Use this URL to cite or link to this record in EThOS: http://ethos.bl.uk/OrderDetails.do?uin=uk.bl.ethos.532769
Title: Cancer patients' care at the end of life in a critical care environment : perspectives of families, patients and practitioners
Author: Pattison, Natalie A.
Awarding Body: Northumbria University
Current Institution: Northumbria University
Date of Award: 2011
Availability of Full Text:
Access from EThOS:
Access from Institution:
Abstract:
Innovations in cancer care requiring intensive support, and improved cancer patient survival in and out of critical care, have led to greater numbers of cancer patients than ever accessing critical care. Of these, however, a fair proportion will die. Current research points to around one in six patients dying in general critical care units and even higher numbers for cancer patients. End-of-life care (EOLC) for critically ill patients is problematic and rarely addressed beyond satisfaction or chart review studies, while palliative care is an established domain in cancer. It is not known whether dying, critically ill cancer patients experience good EOLC. In the context of a cancer critical care unit, this thesis explores the provision of EOLC for cancer patients in a critical care unit. Exploring measures for comfort care and palliative principles of care helped identify what is important for patients and families, and what those measures meant for all participants. The diagnosis of cancer and how it impacts on EOLC provision for critically ill cancer patients was also explored from the perspective of patients, families, doctors and nurses. A Heideggerian phenomenological interview approach was undertaken, in order to gain personal experiences. Families of those patients who died after decisions to forgo life-sustaining treatment (DFLSTs) were interviewed. Patients who have experienced critical care were also interviewed, since patients‘ views about EOL care provision are very rarely explored. Doctors and nurses also contribute their vision for, and experiences of, EOL care in a cancer critical care unit. Thirty one interviews with 37 participants were carried out. Cancer prognosis together with critical illness prognosis contributed to difficulties in deciding to move to, and enact EOLC. The nursing voice in DFLSTs was minimal and their role in EOLC depended on experience and confidence. Achieving a good death was possible through caring activities that made best use of technology to prevent prolonged dying. EOLC was an emotive experience. Decision-making and EOLC could be difficult to separate out which, in turn, affects prospects for EOLC. A continuum of dying in cancer critical illness is presented with different participants‘ experiences along that continuum. Three main themes included: Dual Prognostication; The Meaning of Decision-Making; and Care Practices at EOL: Choreographing a Good Death with two organising themes: Thinking the Unthinkable and Involvement in Care. These themes outlined the essence of moving along a continuum toward patients‘ deaths and the impact that had on opportunities for care and a good death. Nurses could use the care of patients dying in critical care as an opportunity to develop specialist knowledge and lead in care, but this requires mastery and reconciliation of both technology and EOLC. This work builds on Seymour‘s (2001) theory of a negotiated and natural death related to achieving a good death in critical care. Trajectories of dying, part of Seymour‘s (2001) theory, are extrapolated on with reference to Glaser and Strauss (1965) and Lofland (1978)‘s theories on dying trajectories. Nursing theory is developed through examination of Falk Rafael‘s (1996) and Locsin‘s (1998) theories of empowered caring. Implications and propositions are presented for nursing and wider practice around EOL care for critically ill cancer patients.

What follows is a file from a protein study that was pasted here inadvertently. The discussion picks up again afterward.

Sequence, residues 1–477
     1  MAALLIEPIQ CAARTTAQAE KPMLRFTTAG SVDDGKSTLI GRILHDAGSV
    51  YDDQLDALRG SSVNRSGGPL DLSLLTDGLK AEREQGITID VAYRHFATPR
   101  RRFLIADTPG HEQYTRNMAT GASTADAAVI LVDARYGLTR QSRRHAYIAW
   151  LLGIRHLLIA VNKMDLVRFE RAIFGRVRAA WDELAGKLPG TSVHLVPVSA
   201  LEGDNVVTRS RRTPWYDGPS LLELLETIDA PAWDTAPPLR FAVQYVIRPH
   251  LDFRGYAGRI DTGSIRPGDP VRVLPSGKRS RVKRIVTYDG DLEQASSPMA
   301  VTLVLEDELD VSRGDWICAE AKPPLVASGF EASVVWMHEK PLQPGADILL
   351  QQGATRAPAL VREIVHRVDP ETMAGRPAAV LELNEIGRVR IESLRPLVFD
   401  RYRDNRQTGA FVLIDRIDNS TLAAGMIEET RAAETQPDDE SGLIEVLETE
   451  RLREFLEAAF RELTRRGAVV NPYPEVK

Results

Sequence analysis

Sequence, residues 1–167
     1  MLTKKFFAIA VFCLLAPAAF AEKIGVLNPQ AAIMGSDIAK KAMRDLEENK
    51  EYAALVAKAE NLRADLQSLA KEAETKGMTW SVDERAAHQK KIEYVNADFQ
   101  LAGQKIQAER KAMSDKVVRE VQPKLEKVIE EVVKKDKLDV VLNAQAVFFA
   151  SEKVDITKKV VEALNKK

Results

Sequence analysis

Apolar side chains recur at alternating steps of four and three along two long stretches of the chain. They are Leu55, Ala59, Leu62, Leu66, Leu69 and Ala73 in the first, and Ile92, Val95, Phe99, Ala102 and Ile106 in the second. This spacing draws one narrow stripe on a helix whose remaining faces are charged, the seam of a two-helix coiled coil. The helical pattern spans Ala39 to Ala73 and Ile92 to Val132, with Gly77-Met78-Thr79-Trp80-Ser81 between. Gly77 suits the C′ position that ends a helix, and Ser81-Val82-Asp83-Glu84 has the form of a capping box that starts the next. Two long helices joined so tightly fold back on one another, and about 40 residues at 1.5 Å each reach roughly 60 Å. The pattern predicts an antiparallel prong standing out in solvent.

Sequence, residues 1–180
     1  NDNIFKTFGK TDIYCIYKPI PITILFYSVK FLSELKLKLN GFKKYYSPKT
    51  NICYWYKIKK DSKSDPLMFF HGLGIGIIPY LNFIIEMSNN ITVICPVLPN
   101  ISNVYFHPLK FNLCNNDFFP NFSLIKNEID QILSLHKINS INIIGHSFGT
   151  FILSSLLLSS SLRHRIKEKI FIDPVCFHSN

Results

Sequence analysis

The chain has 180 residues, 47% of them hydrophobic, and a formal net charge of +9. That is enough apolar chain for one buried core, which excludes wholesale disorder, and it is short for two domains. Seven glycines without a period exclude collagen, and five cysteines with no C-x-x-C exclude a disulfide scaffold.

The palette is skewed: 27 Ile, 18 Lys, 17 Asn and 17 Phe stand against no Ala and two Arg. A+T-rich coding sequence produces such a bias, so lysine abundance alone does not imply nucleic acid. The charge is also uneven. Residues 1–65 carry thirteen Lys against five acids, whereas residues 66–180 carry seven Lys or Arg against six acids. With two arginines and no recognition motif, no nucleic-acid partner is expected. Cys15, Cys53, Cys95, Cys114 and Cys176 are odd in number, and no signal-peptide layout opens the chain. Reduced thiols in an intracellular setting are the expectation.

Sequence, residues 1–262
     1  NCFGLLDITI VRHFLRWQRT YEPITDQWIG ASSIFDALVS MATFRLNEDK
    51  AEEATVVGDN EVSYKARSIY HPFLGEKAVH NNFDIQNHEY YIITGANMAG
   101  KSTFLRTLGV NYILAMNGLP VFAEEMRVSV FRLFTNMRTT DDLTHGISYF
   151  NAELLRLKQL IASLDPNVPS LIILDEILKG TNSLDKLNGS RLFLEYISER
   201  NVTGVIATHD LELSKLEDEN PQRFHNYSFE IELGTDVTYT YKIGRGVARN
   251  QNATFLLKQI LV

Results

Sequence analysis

Supervisor: Carr, Susan Sponsor: Not available
Qualification Name: Thesis (Ph.D.) Qualification Level: Doctoral
EThOS ID: uk.bl.ethos.532769  DOI: Not available
Keywords: B700 Nursing ; B900 Others in Subjects allied to Medicine
Share: